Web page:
A section of the Herbert Morrison Technical High School in Montego Bay.
MONTEGO BAY, St James — family members of 15-year-old Herbert Morrison Technical High School student Mikhail Bartley have been plunged into mourning after the teenager succumbed to injuries he sustained about two months ago during a bizarre accident while on a school-based assessment (SBA) geography field trip in the Cockpit Country in Trelawny.
The youngster died at the University Hospital of the West Indies (UHWI) last week.
The boy’s distraught father, Michael Bartley, said the information he received from the school is that his son was a part of a group of 10th-grade geography students who went on an excursion in the hills of Ulster Spring in preparation for their SBA on Thursday , Jun 9.
According to the distressed father, tragedy struck when it was the turn of the group of three students that his son was a part of, to descend the rugged terrain from a cave.
He said Mikhail received a crushing blow to his head after he lost his balance during his descent and fell a distance of about 10 feet.
“I was told he went on his SBA trip into the Cockpit Country in Trelawny, I think Ulster Spring or something like that. He and some other kids went up to look at a cave. On his way down, the report from the teacher is that he lost his balance…it was a narrow path, they were coming down some corner or something like that. distance that he fell was about 10 feet,” the grieving father told the Jamaica Observer West.
He said Mikhail, who was still conscious at the time, was initially rushed to the Ulster Spring Health Centre, but was transferred shortly afterwards to the Percy Junor Hospital, in the bordering parish of Manchester.
The promising young student, who would, come September 3, celebrate the 16th anniversary of his birth, was later transferred to Kingston Public Hospital (KPH) where he was admitted for about two months.
He was then moved to the UHWI, where he died.
DIXON… it wasn’t one of those trips that was done by Southern Trelawny Environmental Agency or Cockpit Country Adventure Tours.
“He spent approximately two months in KPH and then they were trying to give him a PEG (percutaneous endoscopic gastrostomy) tube so they could feed him because he was in coma for those times. They were trying to give him a PEG tube but he was getting sick sometimes so they couldn’t do it. He went over to UWI hospital where he succumbed to his injuries two Wednesdays ago,” the senior Bartley told the Observer West.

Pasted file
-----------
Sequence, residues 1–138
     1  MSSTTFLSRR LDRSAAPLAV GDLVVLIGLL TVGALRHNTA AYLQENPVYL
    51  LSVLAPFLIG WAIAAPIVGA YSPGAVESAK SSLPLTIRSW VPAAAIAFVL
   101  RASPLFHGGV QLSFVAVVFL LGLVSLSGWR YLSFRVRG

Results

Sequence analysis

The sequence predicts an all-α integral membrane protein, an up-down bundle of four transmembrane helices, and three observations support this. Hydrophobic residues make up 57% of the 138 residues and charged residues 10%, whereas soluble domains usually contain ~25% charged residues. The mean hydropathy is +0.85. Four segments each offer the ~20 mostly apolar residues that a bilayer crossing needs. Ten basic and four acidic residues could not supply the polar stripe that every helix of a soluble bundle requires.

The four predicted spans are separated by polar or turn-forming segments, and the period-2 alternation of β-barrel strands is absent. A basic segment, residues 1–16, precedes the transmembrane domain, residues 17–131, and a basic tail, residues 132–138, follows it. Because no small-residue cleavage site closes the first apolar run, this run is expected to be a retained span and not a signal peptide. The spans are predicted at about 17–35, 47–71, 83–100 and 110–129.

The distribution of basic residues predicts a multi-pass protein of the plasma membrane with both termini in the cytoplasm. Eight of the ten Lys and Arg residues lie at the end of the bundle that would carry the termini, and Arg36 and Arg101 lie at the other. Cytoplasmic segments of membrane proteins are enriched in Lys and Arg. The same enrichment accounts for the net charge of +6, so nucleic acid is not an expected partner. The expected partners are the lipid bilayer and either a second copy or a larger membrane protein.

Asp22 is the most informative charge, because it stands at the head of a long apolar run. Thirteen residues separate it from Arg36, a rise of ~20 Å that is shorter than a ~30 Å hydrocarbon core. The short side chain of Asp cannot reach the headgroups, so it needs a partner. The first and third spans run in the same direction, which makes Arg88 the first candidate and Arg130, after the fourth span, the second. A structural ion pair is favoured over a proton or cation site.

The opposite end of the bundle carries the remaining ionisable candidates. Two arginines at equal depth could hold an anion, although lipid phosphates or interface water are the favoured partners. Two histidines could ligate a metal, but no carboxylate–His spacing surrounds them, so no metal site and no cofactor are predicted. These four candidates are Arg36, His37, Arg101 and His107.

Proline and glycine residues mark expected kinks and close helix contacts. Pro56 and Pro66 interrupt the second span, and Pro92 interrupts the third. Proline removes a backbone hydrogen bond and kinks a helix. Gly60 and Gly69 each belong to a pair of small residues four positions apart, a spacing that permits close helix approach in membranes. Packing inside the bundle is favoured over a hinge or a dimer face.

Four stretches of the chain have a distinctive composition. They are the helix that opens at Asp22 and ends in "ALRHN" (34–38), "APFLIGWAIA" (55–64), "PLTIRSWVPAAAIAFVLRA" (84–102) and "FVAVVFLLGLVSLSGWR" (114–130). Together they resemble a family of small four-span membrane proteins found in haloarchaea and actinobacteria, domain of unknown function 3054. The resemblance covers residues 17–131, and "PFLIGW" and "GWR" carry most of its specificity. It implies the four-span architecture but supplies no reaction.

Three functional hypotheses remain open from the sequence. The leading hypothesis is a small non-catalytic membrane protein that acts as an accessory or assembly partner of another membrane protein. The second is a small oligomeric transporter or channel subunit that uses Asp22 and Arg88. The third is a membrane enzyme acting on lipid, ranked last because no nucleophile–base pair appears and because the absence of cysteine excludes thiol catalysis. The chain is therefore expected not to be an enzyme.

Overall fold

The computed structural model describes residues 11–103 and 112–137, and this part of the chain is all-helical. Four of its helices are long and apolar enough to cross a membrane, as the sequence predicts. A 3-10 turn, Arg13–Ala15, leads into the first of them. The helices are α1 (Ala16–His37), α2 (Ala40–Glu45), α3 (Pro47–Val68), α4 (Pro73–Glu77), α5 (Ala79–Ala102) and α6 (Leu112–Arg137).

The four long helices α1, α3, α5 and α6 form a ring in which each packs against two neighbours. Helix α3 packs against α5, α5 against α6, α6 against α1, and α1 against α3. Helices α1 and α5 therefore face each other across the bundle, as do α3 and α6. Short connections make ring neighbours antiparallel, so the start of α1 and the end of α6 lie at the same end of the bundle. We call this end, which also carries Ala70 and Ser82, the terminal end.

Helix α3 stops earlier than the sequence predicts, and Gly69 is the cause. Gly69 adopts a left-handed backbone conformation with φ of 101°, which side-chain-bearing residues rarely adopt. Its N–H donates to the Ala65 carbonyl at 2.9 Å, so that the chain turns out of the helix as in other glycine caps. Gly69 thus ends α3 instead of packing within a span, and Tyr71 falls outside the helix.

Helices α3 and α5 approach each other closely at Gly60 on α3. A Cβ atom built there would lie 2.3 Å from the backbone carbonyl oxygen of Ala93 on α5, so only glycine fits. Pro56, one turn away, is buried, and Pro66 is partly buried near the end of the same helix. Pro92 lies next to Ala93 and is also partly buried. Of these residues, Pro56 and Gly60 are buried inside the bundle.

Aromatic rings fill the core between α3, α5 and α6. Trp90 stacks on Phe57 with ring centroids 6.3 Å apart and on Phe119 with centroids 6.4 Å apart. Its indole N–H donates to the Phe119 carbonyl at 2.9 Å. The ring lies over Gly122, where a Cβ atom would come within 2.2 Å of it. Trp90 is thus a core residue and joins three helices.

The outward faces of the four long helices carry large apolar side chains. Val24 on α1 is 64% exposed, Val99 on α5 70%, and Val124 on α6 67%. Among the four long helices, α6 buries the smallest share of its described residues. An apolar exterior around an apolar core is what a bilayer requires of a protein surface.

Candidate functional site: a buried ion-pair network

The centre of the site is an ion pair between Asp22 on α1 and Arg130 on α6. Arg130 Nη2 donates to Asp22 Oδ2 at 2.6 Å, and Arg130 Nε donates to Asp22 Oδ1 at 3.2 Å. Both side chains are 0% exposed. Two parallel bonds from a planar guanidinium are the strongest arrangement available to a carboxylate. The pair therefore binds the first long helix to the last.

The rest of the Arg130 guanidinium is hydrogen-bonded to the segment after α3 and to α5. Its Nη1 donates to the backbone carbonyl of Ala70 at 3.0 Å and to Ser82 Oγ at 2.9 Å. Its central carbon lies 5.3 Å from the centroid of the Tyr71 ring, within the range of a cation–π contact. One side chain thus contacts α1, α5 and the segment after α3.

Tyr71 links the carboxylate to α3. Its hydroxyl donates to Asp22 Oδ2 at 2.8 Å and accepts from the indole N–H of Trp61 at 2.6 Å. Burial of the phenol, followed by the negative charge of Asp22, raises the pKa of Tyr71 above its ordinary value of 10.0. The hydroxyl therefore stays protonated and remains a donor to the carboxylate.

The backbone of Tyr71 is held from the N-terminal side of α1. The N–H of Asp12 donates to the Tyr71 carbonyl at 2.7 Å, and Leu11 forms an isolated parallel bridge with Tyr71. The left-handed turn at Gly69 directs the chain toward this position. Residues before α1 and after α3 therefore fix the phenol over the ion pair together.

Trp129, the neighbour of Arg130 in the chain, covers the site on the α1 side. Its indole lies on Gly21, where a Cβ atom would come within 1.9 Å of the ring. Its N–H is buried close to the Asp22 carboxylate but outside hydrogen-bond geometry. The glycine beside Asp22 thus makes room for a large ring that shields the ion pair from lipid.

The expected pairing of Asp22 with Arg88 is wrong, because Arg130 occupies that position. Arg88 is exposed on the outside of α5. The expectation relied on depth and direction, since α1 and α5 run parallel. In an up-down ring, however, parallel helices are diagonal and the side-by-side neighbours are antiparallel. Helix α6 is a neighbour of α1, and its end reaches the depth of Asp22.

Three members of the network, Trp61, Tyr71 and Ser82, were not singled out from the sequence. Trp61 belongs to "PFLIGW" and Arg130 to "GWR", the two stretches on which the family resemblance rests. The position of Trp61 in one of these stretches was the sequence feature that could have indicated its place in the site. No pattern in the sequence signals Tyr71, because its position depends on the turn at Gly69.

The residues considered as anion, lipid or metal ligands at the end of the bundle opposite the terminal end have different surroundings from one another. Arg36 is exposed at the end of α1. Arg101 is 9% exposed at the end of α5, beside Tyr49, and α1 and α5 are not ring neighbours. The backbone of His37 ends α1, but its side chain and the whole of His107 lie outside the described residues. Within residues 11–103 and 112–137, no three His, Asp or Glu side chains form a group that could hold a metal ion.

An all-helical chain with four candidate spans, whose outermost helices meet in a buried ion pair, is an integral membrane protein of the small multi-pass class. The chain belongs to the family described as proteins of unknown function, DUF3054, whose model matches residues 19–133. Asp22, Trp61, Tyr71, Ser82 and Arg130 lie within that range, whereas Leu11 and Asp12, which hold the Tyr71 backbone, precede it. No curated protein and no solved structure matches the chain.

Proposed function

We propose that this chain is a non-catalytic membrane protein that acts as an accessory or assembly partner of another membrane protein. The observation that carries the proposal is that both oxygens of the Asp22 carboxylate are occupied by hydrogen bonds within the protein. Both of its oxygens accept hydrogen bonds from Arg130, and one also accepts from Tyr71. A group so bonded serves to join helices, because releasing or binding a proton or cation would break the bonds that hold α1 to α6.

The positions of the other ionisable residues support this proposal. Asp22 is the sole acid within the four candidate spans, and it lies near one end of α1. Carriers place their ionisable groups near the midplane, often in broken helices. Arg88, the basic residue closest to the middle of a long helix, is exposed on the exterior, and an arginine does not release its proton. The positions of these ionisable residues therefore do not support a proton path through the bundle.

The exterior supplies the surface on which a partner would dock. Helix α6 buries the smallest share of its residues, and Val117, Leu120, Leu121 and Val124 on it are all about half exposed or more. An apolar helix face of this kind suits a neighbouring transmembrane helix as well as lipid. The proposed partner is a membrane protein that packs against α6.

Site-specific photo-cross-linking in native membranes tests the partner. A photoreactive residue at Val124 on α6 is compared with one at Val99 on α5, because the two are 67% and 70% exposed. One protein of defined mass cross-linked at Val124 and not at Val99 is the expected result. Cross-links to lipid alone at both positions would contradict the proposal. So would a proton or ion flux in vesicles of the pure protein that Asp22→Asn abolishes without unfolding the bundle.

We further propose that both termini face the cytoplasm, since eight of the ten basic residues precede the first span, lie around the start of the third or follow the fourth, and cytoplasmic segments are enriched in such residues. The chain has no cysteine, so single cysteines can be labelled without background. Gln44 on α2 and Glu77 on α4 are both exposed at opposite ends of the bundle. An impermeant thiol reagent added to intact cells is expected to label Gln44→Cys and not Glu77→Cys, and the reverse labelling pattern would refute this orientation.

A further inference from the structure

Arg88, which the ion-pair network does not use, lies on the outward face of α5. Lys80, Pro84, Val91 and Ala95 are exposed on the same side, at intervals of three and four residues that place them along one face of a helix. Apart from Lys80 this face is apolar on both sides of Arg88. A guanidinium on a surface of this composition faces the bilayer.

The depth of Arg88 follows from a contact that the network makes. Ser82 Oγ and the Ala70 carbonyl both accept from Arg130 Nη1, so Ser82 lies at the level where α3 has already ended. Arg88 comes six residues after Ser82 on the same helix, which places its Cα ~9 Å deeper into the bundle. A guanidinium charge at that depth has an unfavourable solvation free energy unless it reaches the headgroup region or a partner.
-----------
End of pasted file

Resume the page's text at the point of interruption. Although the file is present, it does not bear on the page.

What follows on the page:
Mikhail’s parents and 10-year-old brother had expected him to “pull through”, the elder Bartley confirmed.
“We had hoped that he would have made it because he was able to open his eyes and all of that. He was looking at us and we knew he could hear us and he was reacting with pain and so on,” the father said.
He pondered if the operators of the tour had contacted the school “to find out what’s going on, but we haven’t heard anything from anybody from that place that they went to do it [tour]”.
Bartley wishes for steps to be taken by the Ministry of Education to prevent the recurrence or a similar incident which led to his son’s demise.
“The thing about it is I would never want to see that happen to another student. So I am just saying even the Ministry of Education has to take a look into what has happened and to try and prevent something like that from happening again. I don’t know the protocols and all that stuff and if they were followed. grieving father said.
Meanwhile, Hugh Dixon, executive director of the Southern Trelawny Environmental Agency, (STEA) which operates the Cockpit Country Adventure Tours, has distanced his company from the trip.
“I have heard of an accident of a student, but let me hasten to say it wasn’t one of those trips that was done by Southern Trelawny Environmental Agency or Cockpit Country Adventure Tours. But I had some insights into a bad accident that took place. I don’t know who it originated from, I don’t know who was carrying it out, but I heard about it,” Dixon said.
“We do an educational school program where we, over the last maybe 20 years, have been hosting kids here and they come from, I would say, schools from the full length and breadth of the island, from Manning’s in Westmoreland to Titchfield in Portland come here to us…”
He stated that: “I must knock on wood and give the good Lord thanks that we never had any accidents on our tours.
“And I must say it is because we have safety standards that we have to abide by set by the Jamaica Tourist Board and by TPDCo [Tourism Product Development Company] and our complement of staff are trained guides, trained by TPDCo, trained by STEA. We have been doing these tours for 20 years and we have been doing the school tours that length of time as well,” he explained.
“When we heard [about the mishap] we were taken aback because we were first wondering if it was a case that somebody else were conducting these tours or if it is a case of a teacher or a school that just operated on their own volition and just came here to do something by themselves. So we tried, and I am very particular in isolating ourselves from the incident, not that we are not concerned about it, but moreso if it were perceived in any way that it happened under our watch.”
when the Observer West contacted principal of Herbert Morrison Technical High School Paul Adams for a comment yesterday he said he could not speak on the matter at the time and asked that questions be e-mailed to him.
The thanksgiving service for Mikhail will take place on September 10 at Westgate Hills Baptist Church.